The Church of St Thomas of Canterbury

St Thomas of Canterbury Church, East Clandon

St Thomas of Canterbury Church, East ClandonOne of the Village's attractions which draws a steady flow of visitors, not only from the U.K. but from around the world, is the Church of St Thomas of Canterbury. It is a focal point of the Village, not only geographically, but also spiritually and socially.

The Church's recorded history dates from 1110 and in the intervening centuries it has seen many changes resulting, towards the end of the 19th Century, in parts of the fabric falling into a sad state of repair. However, thanks to local support considerable but sympathetic restoration was put in hand following which the church re-opened on 17th December 1900 with a service conducted by the Bishop of Winchester. To commemorate this there was a special service on 17th December 2000 conducted by the Bishop of Guildford (under whose diocese the Church now comes) and attended by the Mayor of Guildford, who planted a Millennium Yew tree in the churchyard.

In 2009 F.R.O.S.T. (Friends of St Thomas of Canterbury) commissioned and funded, with the generous support of East Clandon Parochial Church Council and others, a new stained glass window by Helen Whittaker, one of the UK's most prestigious stained glass artists. The window depicts Thomas a Becket, Archbishop of Canterbury, in the moment before his assassination and subsequent martyrdom in 1170. Read more in the F.R.O.S.T. newsletter.

The Rev Barnaby Perkins was installed as the Rector of East and West Clandon on December 3rd 2013 .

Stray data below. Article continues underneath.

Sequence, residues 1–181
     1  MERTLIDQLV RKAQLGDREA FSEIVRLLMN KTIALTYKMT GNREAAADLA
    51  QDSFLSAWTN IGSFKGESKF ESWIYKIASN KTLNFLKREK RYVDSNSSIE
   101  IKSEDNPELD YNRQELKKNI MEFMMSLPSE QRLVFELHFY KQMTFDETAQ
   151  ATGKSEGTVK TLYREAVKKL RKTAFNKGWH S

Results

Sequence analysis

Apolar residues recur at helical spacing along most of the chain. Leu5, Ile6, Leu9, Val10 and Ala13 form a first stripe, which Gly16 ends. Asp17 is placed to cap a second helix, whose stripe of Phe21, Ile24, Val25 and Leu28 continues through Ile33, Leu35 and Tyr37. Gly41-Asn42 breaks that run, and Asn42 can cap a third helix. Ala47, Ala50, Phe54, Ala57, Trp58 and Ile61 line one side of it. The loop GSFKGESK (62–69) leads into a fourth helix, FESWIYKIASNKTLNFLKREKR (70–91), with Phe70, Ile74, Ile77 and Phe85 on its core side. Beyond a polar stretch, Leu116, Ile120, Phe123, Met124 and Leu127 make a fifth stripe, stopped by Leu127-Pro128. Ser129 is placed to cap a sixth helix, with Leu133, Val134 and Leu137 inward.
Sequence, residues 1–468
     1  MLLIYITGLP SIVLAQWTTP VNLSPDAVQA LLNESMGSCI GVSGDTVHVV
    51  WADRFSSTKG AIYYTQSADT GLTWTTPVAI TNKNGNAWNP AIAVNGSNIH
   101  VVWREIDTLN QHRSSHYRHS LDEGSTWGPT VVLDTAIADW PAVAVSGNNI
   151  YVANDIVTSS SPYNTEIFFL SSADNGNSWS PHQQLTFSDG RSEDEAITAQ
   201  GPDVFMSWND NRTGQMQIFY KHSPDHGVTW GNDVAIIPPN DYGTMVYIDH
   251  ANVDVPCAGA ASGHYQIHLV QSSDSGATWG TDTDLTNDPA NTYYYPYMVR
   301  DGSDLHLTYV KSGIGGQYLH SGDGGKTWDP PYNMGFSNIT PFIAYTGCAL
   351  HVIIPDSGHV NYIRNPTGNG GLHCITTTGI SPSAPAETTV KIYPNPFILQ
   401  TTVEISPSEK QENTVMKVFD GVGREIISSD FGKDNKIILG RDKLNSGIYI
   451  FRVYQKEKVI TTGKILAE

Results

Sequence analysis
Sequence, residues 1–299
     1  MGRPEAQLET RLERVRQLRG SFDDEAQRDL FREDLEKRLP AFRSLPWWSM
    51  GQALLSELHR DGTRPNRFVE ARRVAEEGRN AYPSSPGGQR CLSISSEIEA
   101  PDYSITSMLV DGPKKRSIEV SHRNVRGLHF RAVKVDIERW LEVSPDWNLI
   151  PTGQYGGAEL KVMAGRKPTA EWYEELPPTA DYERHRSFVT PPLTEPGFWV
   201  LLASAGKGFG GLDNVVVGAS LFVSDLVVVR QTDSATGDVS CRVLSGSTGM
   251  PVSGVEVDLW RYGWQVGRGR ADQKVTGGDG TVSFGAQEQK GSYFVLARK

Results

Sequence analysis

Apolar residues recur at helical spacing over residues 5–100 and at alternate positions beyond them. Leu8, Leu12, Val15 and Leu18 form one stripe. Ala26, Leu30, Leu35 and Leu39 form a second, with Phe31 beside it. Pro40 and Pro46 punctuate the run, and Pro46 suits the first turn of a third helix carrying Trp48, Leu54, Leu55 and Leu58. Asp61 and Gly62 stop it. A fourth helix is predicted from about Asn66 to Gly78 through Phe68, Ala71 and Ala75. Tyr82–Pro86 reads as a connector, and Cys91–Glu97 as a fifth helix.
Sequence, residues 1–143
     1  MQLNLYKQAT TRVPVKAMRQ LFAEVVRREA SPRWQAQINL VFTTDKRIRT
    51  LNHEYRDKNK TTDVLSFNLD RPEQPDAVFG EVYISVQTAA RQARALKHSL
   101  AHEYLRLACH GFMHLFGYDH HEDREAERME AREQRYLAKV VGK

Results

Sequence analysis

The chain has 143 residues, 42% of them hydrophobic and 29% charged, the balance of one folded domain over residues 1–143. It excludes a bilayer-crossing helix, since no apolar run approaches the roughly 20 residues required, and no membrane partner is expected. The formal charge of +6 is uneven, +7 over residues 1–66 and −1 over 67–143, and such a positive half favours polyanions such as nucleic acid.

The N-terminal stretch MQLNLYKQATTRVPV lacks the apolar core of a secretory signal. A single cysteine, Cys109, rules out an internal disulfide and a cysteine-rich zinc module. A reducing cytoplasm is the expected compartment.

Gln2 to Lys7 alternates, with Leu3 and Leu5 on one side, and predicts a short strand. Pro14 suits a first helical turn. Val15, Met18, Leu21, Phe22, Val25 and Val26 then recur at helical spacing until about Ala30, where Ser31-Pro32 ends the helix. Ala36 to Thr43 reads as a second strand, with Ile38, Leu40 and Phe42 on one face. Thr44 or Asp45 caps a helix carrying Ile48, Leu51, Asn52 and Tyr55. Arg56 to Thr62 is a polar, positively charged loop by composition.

We do hope you will come and visit our attractive village and allow some time to explore our historic Church. A full history and guide, both to the Church and Village is available, also various postcards.

Church Services

1st ,3rd,5th Sundays  9.15 Parish Communion (1st Sunday BCP ).
2nd Sunday  10 .30 Morning Worship (Combined Service with West Clandon ).
Sunday Club for children in the Village Hall during the service.
Followed by coffee in the Village Hall.
4th Sunday    10 .30 Morning Worship at West Clandon. (No service at East Clandon).

Service of Reflection and Communion at 10.30 on the 2nd Sunday of each month.
Followed by coffee in the Village Hall.

Everyone is most welcome at these services.

Monument Inscriptions

Inside the church are a number of wall plaques and monumental inscriptions featuring family names connected with the village (earliest date1777).

Click here to view inscriptions Adobe PDF

War Memorial

The war memorial in the church yard has the following inscription:

1914 - 18 and 1939 - 45
In memory of the men who gave their lives in two World Wars

Click here to view their names and regiments.

SITA support for Roof Re-Tiling ProjectSITA Trust logo

During 2011 a major project to re-tile part of the church roof (the Nave and North Aisle) was undertaken with the kind and generous support of a £20,000 grant from SITA Trust through its Enhancing Communities Programme.

SITA Trust provides funding to community improvement projects through the Landfill Communities Fund. This fund was set up by the government in the late 1990’s allowing landfill operators to divert some (6.2% in tax year 2011/12) of the landfill tax they collect for the treasury to organisations like SITA Trust. (More information on the work of the trust can be found at

Local villagers also supported the project via local charity, FROST, through ‘sponsorship’ of individual tiles. Together FROST and SITA Trust have enabled the fabric of the building, and in particular the North Aisle’s ornate plaster ceiling, to be safeguarded for the benefit and enjoyment of future generations.

Further support for the project came from the National Churches Preservation Trust, who agreed to support the cost of the architects’ and CDM co-ordinators’ fees. Additionally, over 70% of the VAT (£2,300) was funded by the Listed Places of Worship Grant Scheme.  

The then Rector, the Rev. Barry Preece, commented on the generosity of the grants secured as follows: “We are hugely grateful to SITA Trust, FROST, the National Churches Preservation Trust and the LPWGS for their invaluable support. Thank you to all who have helped with this major project.”


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